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The importance of brand guidelines

You’ve spent a lot of time with a web designer creating a site that encompasses your values and you've worked with graphic designers to create the perfect logo. But when the professionals are gone, how do you keep consistency within your brand? How can you make sure that your staff are representing your company appropriately? As usual, we're here to help! Read our latest post on the importance of brand guidelines.

1. What are brand guidelines?

Brand guidelines are simply a set of rules for your staff and external providers to follow to ensure consistency and coherence across all of your digital and written collateral. Every brand’s guidelines will be slightly different - as they should represent the values of that individual organisation - but all are made up from these 5 founding elements:

  1. Logos

  2. Colour palette

  3. Typography

  4. Visuals

  5. Voice

Depending on what makes up your brand and what kind of service(s) you provide, you will require outlines on other additional elements.

2. How and why do you use them?

Making your brand stand out is important to any successful business, and having a consistent appearance makes you and your services recognisable. You want people to see you as reliable and feel confident using your services.

These guides should provide a set of tools for any individual to use and keep your branding consistent. It helps, then, to collect these standards into one document and make it available to anyone that has any responsibility for communicating with your customers. It’s also a good idea to have your brand guidelines available publicly, as a way to help share your values and approach.

3. Where do I start?

Now we’ve established what they are, let’s talk about creating your guides. Back at item 1, we discussed the founding elements that make up all basic guidelines. So, let’s start there. Here, I’ve highlighted what you need to consider for each element:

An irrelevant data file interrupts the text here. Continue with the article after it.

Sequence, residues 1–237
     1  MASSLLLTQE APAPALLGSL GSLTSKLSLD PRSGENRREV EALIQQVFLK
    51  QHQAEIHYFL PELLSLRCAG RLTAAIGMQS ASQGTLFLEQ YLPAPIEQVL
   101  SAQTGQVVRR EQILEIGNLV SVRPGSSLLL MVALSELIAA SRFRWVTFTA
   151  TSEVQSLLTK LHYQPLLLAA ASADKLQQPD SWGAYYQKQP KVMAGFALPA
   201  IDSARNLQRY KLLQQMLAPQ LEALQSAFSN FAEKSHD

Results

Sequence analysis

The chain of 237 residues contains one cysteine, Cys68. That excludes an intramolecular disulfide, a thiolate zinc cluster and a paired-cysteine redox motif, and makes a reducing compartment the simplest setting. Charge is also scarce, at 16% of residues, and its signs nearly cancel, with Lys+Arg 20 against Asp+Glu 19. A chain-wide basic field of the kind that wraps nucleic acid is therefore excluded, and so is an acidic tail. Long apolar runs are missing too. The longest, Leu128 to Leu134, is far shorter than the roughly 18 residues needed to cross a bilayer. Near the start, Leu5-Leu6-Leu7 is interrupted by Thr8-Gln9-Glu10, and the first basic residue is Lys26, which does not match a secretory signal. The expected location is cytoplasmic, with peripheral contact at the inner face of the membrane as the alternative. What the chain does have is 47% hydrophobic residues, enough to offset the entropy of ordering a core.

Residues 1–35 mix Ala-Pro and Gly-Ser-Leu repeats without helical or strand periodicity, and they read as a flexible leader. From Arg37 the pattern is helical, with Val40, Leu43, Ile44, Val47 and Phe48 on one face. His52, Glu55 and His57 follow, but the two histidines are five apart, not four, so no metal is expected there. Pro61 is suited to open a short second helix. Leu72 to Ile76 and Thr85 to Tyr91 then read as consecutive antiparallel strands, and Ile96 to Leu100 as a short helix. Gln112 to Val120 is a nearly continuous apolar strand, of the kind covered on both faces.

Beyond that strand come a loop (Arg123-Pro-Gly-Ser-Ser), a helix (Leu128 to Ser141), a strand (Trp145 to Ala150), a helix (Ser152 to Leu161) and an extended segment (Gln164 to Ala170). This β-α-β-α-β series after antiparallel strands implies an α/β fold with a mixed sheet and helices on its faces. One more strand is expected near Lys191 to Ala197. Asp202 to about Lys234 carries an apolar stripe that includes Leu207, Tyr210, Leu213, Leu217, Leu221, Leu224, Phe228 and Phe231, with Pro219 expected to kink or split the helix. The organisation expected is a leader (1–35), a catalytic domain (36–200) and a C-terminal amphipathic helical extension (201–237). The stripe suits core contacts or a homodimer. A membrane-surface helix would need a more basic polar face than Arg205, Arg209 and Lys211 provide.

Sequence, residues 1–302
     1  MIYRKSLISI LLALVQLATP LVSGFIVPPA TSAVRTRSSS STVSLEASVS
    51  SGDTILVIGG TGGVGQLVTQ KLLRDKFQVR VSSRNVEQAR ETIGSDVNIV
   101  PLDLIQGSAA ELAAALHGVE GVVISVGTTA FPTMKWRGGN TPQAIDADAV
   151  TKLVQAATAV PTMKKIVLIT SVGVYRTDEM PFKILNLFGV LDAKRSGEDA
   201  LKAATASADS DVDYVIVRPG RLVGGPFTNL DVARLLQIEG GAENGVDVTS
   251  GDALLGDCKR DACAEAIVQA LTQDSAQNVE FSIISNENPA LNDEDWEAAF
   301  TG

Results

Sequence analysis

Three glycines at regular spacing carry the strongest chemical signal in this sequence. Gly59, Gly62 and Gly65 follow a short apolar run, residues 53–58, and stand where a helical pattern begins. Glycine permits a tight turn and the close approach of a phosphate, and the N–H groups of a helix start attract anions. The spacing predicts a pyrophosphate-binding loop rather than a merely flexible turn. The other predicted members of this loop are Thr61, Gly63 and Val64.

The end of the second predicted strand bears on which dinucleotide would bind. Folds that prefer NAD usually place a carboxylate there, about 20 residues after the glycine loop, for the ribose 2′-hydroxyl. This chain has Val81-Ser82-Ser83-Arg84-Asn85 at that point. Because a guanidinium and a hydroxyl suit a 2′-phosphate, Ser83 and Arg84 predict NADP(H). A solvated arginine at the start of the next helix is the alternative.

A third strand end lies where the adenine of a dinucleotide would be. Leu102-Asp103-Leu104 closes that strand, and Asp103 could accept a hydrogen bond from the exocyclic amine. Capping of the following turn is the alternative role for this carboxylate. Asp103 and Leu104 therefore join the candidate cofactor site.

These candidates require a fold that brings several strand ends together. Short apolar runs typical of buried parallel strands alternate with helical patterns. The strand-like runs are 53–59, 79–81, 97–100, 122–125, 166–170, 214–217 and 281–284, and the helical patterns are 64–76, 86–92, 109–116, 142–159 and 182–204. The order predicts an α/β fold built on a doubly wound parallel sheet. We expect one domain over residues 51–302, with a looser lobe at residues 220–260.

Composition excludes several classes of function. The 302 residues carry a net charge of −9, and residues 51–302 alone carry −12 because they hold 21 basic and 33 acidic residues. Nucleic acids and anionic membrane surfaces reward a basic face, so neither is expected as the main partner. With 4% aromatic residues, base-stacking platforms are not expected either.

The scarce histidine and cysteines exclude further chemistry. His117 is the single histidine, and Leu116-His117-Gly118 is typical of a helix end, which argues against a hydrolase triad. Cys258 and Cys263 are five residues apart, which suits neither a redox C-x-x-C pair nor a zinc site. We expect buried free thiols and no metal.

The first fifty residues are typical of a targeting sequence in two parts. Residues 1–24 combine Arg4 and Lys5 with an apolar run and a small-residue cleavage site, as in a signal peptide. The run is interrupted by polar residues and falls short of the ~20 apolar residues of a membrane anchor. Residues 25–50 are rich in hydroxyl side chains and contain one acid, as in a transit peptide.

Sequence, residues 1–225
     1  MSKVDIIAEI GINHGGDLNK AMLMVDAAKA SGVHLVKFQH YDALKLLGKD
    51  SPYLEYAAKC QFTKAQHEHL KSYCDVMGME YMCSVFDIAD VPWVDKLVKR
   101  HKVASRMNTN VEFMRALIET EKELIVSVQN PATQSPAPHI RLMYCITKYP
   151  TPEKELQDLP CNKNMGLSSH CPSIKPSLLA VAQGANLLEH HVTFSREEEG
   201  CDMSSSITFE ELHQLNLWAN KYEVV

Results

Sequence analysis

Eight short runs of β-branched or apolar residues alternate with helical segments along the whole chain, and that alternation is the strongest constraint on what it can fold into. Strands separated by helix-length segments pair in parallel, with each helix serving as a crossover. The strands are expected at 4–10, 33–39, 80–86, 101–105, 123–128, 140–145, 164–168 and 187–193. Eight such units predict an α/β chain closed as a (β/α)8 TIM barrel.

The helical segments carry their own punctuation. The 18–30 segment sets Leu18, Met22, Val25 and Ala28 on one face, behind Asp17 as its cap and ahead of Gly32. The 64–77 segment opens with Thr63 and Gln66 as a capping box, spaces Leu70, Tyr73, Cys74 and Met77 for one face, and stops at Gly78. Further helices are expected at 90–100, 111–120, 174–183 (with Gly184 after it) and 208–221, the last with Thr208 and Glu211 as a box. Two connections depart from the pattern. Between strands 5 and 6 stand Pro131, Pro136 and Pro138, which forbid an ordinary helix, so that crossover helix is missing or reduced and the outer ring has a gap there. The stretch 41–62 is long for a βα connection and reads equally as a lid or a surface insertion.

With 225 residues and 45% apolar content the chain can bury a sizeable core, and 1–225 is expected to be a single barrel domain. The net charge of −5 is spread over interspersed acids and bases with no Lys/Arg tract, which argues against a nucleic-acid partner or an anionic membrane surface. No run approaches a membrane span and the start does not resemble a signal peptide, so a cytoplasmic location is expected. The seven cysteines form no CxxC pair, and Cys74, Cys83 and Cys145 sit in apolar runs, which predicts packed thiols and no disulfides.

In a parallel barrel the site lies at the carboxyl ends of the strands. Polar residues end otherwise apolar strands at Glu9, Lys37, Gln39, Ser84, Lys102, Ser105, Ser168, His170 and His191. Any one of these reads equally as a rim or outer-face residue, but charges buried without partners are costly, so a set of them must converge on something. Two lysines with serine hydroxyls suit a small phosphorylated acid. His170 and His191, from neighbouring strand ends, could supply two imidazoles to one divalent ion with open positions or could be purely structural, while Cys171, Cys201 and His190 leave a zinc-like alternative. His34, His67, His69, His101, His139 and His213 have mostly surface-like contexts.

• Logos: do you have different versions of the logo for different uses? Is there a set of different coloured logos? Are there size restrictions and margin preferences? Include examples of what not to do with the logo.

  • Colour palette: what are your principal colours? What colours compliment that palette? Identify the pantone swatches if you can along with CMYK, RGB and HEX information.

  • Typography: what font is appropriate for headers, sub-headers, body and small print? Do you use different fonts in different situations i.e. online, print, newsletters? What colours do you use? Remember to include font weight and size i.e. Open Sans Bold (35px).

  • Visuals: what kind of visuals does your brand use i.e. illustrations, photography, icons? Where do you source them from? Are there keywords you use to identify appropriate material? What do you avoid using? Remember to clarify what resolution you require for different media.

  • Voice: what tone do you want to use? Is there a specific persona you want to come through your communications? What perceptions about your brand do you want your clients to have when they interact with you? Your voice is a big part of your identity so make sure to take some time on this one.

With those questions answered, you have now documented the basics. Start with those and work with them. This might be all you need. As with all your business processes and activities, review them on a regular basis and add anything you've missed, or change what isn't working.

We recently documented our own brand guidelines and published them as an e-book to give you an example of what a guide looks like. Check it out over our on Guides page, along with the other e-books we have on there.

And, as always, if you need any help putting your own guidelines together or would like a review of your brand’s current identity, please contact us. We’re passionate about building strong brands and would love to support yours!


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